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How To Grow Cannabis Indoors
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Top 7 Lighting Factors For Growing Marijuana

4 min
Growing Seedshop

Growing cannabis indoors gives you control over the environment. The need for precise lighting will make or break your harvest, so it also places more responsibility on you. Here are 7 lighting factors to watch out for when cultivating cannabis.

There are many advantages to growing your cannabis indoors. First of all, plants usually thrive best under a very regimented lighting schedule. Control over your lighting source essentially allows you to take whatever approach you want. You can also arrange the plants to make the distribution of light more efficient. Moreover, with an indoor grow-op, you can control heat and humidity; plants are safe from outdoor risks like pests, rain, and theft; and you won’t have to worry about obscuring your plants from view of neighbours or the authorities. Great results are achievable when growing weed indoors.

However, there are many mistakes newcomers make when it comes to indoor lighting. Here are 7 important factors to consider for your lighting setup.

DIFFERENT LIGHT TYPES FOR INDOOR CANNABIS GROWING

Different light types

Many industries are coming to terms with how standardised lighting has sustained unintended adverse consequences. From the film industry to the science world, sources of lighting were traditionally high-intensity discharge (HID) lights. These heat up very quickly and intensely, even to the point of endangering work environments. Such lights can also endanger your cannabis crop, burning them if a light gets too close. You are trying to achieve precise temperature control of your crop, but the heat from the lights is not helping, and it's ultimately wasted energy. As a result, the cannabis industry in particular is starting to realise that this lack of energy efficiency has an unacceptable environmental impact. There are now more options available for low-heat lighting, like LEDs.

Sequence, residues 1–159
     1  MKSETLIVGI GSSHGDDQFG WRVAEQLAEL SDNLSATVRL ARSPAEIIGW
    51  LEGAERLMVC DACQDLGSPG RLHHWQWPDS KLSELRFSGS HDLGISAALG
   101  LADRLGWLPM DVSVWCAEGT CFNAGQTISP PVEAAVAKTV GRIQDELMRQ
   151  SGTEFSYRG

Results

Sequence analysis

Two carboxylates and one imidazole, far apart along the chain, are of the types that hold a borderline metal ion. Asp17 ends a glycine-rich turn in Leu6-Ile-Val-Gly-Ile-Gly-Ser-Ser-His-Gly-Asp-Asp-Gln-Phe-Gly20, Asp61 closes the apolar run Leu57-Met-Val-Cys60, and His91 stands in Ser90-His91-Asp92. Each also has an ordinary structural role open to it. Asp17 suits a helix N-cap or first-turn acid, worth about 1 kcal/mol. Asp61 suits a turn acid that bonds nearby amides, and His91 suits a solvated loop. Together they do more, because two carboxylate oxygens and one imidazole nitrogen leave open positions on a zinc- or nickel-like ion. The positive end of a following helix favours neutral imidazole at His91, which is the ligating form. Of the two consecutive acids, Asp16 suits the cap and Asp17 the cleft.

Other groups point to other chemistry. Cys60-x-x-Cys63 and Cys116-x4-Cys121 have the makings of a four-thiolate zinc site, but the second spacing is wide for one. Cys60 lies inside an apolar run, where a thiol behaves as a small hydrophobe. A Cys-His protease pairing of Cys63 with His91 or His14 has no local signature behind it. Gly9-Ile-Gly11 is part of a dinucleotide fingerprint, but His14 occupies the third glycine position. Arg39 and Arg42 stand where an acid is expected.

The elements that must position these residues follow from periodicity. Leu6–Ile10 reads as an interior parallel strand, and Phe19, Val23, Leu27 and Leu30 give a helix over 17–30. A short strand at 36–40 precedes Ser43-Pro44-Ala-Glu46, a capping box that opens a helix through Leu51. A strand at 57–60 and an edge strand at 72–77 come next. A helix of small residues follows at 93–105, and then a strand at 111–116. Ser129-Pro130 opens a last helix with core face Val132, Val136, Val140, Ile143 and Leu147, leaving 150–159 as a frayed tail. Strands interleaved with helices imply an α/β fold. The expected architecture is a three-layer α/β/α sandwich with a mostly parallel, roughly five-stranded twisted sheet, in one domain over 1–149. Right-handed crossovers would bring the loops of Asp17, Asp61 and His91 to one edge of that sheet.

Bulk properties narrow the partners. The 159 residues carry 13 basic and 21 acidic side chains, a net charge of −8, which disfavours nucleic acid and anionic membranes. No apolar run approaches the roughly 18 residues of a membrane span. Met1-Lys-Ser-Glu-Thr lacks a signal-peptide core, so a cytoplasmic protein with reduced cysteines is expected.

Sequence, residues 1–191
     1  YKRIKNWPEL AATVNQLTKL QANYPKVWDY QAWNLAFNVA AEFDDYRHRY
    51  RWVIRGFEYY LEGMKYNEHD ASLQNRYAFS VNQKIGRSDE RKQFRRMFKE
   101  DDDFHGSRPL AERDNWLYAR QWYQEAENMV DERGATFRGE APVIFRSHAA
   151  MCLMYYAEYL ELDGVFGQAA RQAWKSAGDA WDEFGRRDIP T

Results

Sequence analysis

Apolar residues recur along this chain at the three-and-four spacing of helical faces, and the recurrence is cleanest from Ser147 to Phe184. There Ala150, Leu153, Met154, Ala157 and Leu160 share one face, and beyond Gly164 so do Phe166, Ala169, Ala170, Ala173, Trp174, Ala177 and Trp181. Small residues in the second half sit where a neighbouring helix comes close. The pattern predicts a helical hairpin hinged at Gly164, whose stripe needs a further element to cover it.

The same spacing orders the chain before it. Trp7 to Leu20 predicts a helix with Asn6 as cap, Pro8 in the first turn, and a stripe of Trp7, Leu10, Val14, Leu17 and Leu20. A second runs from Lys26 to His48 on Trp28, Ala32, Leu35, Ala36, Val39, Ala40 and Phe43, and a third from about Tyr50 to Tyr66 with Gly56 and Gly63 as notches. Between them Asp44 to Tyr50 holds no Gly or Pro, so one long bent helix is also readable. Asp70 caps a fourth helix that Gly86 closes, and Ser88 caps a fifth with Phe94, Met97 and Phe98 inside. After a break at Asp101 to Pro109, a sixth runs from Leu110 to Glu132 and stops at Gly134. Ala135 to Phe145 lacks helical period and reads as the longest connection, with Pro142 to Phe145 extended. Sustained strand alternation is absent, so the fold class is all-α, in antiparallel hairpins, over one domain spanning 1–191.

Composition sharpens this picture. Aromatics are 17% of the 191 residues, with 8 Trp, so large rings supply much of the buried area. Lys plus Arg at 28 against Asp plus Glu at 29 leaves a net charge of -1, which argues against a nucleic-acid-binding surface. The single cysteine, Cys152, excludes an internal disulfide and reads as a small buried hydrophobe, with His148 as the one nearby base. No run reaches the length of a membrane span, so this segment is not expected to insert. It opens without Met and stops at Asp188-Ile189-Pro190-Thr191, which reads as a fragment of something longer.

THE POWER NEEDS OF YOUR GROW LIGHTS

The Power Needs Of Your Grow Lights

Once you have your lights set up, you need to make sure there is a reliable power supply. It has to be suitable for the wattage of your lights. Lights with higher wattage will deliver more powerful output. This, however, can be hard to gauge with precision, since different manufacturers will have different outputs from their lights. As a rough guideline, we could estimate—in terms of light hitting the plant—around 15,000–30,000 lumens per square metre is needed at a minimum during the vegetative phase. During the flowering stage, the rough figure to follow is 30,000–50,000 per square metre.

GROW LIGHT INTENSITY

Grow Light Intensity

The intensity of the light itself will increase your yield. This is provided the amount of light available to your plants is optimal. This requires even distribution of the light, as well as an appropriate distance from the plants. The above calculations presumed a distance of 7–10cm from the plant.

It is possible to calculate the distribution of lumens, and therefore, how far they need to travel for best results. The Inverse Square Law states that the intensity of light changes in inverse proportion to the square distance. In other words, the further light travels, the less intense it becomes. Consider that the next time you feel the distant sun's heat on your face. We advise using a few low-wattage bulbs rather than risking too much intensity from a high-wattage bulb. You will have multiple light sources for your plant that can be more easily adjusted for optimal light penetration.

DISTANCE AND POSITION OF LIGHTS WITH RESPECT TO CANNABIS PLANTS

Distance And Position Of Lights

The distance and placing of lights will be especially important to consider when assembling your grow setup. Some growers prefer to arrange plants in tiered rows around a central light source. Others have vertical towers constructed around a central light source. Ideally, lighting from above gives you the best option for exposing light to as much of the plant as possible. You don't want it too close to the plant and risk burning. You also don't want the lights to be so far away that plants don’t reach their full potential.